SARAJEVO (Reuters) - Six-year-old Bosnian Ismail Zulfic was born without arms and with a foot deformity and overcame his fear of the water to win a gold medal at a regional swimming competition.
At the competition in Croatia, Ismail was cheered on by members of his swimming club, set up by Amel Kapo to coach disabled swimmers, and by his parents, who drive him twice a week to Sarajevo, 70 km (45 miles) from their home in the central Bosnian town of Zenica for swimming lessons.
Ismail’s parents never dreamed their shy boy, who developed a fear of water after an incident in a rubber pool, would become a medal-winning swimmer. He could barely be persuaded into the water for therapeutic treatment for his back, which Ismail bends constantly to eat, write, use a joystick or fit on his swimming goggles with his feet.
But then he met Kapo, who set up the Spid swimming club more than a year ago after noticing that many disabled swimmers went to the pool without professional supervision. Kapo taught Ismail to swim.
“After a few months of practice Ismail was able to dive in and swim the length of the Olympic sized pool without any help,” Kapo said, explaining that the boy’s success was the result of mutual trust and Ismail’s determination.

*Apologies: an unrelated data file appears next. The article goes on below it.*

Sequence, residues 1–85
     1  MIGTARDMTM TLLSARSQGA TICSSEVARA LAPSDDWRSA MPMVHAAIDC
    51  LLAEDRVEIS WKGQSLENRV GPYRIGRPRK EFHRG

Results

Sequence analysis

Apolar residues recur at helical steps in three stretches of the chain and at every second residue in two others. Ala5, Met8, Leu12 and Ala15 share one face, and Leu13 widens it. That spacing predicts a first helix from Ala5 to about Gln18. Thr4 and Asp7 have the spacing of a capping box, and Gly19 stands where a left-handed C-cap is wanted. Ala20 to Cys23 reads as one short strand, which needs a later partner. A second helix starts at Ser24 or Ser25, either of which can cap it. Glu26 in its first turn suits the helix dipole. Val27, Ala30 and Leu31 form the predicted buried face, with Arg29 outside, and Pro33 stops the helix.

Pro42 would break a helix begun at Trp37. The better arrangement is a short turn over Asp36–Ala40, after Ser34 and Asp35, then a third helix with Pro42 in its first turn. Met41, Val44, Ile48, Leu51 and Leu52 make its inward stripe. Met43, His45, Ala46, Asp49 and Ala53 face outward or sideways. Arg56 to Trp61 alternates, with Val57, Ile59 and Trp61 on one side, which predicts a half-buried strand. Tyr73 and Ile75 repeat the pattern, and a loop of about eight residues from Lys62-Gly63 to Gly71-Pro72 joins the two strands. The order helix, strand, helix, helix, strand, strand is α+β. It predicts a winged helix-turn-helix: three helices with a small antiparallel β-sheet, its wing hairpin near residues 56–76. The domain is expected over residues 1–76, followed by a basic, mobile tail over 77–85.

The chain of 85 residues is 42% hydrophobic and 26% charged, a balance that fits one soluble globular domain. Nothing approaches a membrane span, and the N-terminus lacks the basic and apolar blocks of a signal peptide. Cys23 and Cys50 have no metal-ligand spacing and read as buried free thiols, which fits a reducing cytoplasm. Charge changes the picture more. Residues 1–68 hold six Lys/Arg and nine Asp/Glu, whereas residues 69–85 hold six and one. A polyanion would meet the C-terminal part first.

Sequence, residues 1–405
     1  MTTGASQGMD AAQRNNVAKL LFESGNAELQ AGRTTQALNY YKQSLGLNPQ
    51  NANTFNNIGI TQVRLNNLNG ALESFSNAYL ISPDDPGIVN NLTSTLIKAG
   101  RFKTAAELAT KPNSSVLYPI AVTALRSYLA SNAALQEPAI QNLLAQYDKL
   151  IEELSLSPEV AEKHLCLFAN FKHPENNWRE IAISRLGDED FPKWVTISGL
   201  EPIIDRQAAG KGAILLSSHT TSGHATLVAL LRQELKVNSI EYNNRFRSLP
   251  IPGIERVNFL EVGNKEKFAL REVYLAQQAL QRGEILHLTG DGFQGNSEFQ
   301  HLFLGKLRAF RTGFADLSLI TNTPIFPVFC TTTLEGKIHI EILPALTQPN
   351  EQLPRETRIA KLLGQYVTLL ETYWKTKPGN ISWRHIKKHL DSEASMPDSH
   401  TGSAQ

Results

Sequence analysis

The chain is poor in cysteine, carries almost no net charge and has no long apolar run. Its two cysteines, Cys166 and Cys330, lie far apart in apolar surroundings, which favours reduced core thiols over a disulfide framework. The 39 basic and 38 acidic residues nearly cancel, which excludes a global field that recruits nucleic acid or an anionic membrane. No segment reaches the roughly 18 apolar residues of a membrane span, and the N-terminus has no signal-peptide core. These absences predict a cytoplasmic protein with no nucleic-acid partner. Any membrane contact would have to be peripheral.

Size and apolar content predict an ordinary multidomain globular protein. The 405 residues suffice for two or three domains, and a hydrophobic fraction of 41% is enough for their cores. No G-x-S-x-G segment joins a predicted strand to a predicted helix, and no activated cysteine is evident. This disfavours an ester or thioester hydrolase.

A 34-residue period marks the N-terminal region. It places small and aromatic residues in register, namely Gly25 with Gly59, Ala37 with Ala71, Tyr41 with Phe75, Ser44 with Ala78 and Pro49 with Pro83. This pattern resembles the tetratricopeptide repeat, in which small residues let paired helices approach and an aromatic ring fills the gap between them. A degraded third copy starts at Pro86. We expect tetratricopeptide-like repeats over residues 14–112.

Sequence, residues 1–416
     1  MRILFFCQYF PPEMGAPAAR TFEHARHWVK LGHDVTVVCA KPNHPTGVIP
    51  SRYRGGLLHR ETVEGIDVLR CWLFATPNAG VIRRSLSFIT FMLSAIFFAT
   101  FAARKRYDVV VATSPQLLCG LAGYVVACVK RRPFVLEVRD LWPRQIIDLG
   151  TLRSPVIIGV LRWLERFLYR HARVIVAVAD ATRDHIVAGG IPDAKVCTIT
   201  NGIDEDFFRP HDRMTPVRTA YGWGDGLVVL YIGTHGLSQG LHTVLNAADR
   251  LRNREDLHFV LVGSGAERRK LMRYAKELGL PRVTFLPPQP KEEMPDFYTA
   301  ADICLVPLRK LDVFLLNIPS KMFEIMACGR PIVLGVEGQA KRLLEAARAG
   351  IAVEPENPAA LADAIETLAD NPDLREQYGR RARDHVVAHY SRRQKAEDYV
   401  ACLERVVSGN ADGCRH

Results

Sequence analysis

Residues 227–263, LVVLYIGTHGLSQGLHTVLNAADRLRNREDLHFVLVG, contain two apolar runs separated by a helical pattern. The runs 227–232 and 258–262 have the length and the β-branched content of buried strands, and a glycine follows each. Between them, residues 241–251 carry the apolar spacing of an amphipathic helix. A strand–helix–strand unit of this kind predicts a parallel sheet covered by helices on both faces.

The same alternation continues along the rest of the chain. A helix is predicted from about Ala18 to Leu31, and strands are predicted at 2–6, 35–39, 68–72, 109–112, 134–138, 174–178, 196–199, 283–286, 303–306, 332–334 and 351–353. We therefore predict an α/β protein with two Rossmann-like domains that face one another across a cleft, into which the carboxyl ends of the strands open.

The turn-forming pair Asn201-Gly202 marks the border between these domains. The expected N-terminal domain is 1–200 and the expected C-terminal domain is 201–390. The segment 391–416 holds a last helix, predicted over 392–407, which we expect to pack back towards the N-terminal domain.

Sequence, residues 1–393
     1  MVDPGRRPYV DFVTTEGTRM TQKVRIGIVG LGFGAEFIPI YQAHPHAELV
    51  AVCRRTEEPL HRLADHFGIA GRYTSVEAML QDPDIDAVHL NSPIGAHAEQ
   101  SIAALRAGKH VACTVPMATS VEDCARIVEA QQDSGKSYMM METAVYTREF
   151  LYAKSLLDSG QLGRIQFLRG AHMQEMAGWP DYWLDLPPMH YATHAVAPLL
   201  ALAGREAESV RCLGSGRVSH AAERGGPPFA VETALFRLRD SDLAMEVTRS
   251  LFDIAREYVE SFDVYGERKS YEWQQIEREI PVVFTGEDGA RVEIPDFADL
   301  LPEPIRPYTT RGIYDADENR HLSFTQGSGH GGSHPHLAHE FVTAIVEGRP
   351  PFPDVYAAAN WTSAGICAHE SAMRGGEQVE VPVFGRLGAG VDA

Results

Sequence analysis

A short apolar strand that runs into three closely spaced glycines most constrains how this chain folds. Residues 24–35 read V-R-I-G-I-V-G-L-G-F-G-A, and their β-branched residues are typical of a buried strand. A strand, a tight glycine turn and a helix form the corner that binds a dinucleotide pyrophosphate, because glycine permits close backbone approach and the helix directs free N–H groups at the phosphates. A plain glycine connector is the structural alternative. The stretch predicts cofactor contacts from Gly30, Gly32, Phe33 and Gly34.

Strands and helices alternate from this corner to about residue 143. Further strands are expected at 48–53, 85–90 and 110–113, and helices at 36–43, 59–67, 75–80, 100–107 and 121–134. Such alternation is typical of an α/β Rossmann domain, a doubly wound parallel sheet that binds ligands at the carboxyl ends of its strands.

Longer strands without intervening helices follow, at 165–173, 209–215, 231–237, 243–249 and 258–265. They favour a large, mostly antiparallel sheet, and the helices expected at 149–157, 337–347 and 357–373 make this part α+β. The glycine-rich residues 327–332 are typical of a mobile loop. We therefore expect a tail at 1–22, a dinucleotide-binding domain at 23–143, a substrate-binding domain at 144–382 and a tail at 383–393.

A year later Ismail powered to the finish of the 50-metre back stroke, well ahead of rivals, some nearly twice his age, at the regional competition in Zagreb.
“I like to win,” a smiling Ismail told Reuters, adding he also holds a medal in skiing.
Kapo said his club sought only to give the children a taste of competition, but along with Ismail, five other Spid swimmers won gold medals and two won silver.
Their achievement is even more remarkable given the lack of state aid for disabled children in Bosnia. Kapo and three other volunteers provide swimming lessons in what is the only club of its kind in the country.
It costs 1,650 Bosnian marka ($939) a month to use the municipal swimming pool, paid for by donations from local businesses.
The long trips to swimming lessons are costly for Ismail’s father Ismet, a steel factory worker, and his unemployed mother Elmina.
“We are managing somehow. In the end no money can buy the smile that lights up Ismail’s face when he swims and the pride he gives us,” Ismet said.
Kapo said he hoped Ismail’s example would help raise awareness and overcome the exclusion faced by many people with disabilities in Bosnia.
Reporting by Maja Zuvela; Editing by Janet Lawrence